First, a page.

Does your employer have to tell if they’re spying on you through your work computer?

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Jacqueline Meredith, Swinburne University of Technology and Peter Holland, Swinburne University of Technology

The COVID pandemic stimulated an irreversible shift in where, when and how we work. This 21st-century model of working – dubbed the “new normal” – is characterised by increased flexibility and productivity gains.

Yet this reshaping of work, underpinned by technology, has also eroded our work-life boundaries – and persisting 20th-century attitudes are preventing us from successfully managing the new normal.

We find ourselves struggling with “productivity paranoia”: a term used to describe managers’ concerns that remote and hybrid workers aren’t doing enough when not under supervision.

As a result, we’re seeing a surge in the use of electronic monitoring and surveillance devices in the workplace. These devices allow managers to “watch over” employees in their absence. This practice raises serious legal and ethical concerns.

Big bossware is here

In a survey of 20,000 people across 11 countries, Microsoft reported 85% of managers struggled to trust their remote-working employees. In Australia, this figure was 90%.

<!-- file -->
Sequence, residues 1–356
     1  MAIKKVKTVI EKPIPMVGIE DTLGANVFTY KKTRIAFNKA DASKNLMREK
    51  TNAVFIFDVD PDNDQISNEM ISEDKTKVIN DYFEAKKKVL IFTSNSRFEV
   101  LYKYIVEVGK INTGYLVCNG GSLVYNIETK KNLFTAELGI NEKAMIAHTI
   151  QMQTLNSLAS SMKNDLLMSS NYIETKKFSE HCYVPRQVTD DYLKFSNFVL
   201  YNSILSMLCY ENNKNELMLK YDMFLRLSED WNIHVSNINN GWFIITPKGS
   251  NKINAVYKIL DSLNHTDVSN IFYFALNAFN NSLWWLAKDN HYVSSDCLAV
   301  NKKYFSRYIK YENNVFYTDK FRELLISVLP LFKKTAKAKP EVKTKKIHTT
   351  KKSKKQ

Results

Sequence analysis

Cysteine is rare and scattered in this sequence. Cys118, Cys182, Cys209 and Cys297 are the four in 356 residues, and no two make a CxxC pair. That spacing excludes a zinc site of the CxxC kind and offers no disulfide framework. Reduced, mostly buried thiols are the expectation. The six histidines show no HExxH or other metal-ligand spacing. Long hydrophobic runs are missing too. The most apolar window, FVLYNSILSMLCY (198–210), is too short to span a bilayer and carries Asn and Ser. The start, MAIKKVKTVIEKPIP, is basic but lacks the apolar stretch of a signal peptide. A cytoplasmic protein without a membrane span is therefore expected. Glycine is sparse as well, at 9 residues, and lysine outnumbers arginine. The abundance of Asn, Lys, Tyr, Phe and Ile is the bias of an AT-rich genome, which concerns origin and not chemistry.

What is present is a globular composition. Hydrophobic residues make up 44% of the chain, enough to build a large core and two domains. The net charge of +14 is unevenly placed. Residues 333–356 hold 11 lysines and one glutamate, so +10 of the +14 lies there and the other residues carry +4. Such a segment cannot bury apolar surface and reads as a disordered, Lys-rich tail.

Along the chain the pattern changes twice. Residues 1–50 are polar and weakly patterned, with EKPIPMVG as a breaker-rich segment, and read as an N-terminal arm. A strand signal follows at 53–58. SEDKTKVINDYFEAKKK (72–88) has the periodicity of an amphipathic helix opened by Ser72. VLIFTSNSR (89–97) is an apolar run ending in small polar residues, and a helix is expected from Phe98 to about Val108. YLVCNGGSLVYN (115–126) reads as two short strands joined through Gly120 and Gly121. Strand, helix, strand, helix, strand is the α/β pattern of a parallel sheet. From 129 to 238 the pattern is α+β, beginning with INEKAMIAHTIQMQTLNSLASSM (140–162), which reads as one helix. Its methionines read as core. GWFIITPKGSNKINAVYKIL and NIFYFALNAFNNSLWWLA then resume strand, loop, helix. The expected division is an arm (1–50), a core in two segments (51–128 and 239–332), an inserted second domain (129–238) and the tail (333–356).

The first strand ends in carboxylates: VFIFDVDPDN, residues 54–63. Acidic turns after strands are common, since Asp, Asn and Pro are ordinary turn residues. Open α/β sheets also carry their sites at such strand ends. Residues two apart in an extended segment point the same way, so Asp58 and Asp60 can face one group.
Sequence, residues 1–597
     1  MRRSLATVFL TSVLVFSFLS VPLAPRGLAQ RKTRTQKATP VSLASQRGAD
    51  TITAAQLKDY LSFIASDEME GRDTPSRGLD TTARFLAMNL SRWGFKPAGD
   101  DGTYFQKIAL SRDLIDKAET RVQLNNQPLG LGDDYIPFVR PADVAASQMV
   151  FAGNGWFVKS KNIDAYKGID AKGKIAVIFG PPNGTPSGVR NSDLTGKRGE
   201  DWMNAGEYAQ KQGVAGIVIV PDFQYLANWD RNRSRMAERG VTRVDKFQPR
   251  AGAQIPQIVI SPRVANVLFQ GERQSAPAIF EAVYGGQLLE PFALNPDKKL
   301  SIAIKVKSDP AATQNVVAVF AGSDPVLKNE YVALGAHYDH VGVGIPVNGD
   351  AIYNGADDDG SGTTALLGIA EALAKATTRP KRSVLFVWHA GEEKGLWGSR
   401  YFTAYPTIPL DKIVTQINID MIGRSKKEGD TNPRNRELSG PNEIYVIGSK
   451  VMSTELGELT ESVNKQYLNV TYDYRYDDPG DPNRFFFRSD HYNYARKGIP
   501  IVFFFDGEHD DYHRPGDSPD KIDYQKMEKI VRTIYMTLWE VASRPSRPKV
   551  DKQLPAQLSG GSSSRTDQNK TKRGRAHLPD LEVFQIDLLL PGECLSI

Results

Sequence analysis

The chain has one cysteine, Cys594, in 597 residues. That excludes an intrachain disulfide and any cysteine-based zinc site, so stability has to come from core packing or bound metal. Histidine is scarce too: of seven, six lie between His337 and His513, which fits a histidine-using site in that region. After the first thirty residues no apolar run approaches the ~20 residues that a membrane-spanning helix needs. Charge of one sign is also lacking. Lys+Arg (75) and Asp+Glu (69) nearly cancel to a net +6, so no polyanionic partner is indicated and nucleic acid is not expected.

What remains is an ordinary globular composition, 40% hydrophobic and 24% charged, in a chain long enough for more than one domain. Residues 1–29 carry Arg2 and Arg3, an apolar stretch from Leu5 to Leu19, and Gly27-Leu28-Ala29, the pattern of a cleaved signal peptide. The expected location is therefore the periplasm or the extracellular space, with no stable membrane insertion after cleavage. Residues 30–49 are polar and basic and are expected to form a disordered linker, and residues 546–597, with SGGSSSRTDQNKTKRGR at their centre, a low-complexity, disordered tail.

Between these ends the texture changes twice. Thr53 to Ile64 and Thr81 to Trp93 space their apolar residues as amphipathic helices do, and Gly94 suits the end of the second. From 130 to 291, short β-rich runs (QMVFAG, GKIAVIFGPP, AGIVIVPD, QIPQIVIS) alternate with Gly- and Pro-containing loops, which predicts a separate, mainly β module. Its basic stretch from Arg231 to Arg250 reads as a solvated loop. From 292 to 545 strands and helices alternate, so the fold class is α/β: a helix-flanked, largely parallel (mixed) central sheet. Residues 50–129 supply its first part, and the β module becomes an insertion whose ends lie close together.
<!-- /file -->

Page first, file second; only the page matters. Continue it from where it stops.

In 2021, American research and consulting firm Gartner estimated the number of large firms tracking, monitoring and surveilling their workers had doubled to 60% since the start of the pandemic.

Electronic monitoring and surveillance technology can capture screenshots of an employee’s computer, record their keystrokes and mouse movements, and even activate their webcam or microphones.

On one hand, these “bossware” tools can be used to capture employee and production statistics, providing businesses with useful evidence-based analytics.

The other side is much darker. These devices are indiscriminate. If you’re working from home they can pick up audio and visual images of your private life.

Managers can be sent notifications when data “indicate” an employee is taking breaks or getting distracted.

Some aspects of electronic monitoring and surveillance are legitimate. For instance, it may be necessary to safeguard an organisation’s data access and transfers.

But where are the boundaries? Is your organisation legally obliged to tell you about electronic intrusions? Alternatively, what can you do if you find out you’re being watched without being informed?

The legal framework

A complex array of regulation governs workplace privacy and surveillance in Australia. Proposed reforms to the Privacy Act 1988 are set to strengthen privacy protections for private-sector employees.

However, this legislation doesn’t specifically cover workplace surveillance. Instead, a patchwork of laws in each state and territory regulate this matter.

Specific legislation regulates the surveillance of workers in New South Wales and the Australian Capital Territory. Importantly, surveillance must not be undertaken unless the employer has provided at least 14 days’ notice. This notice must include specific details about the surveillance that will be carried out. Employers must also develop and adhere to a surveillance policy.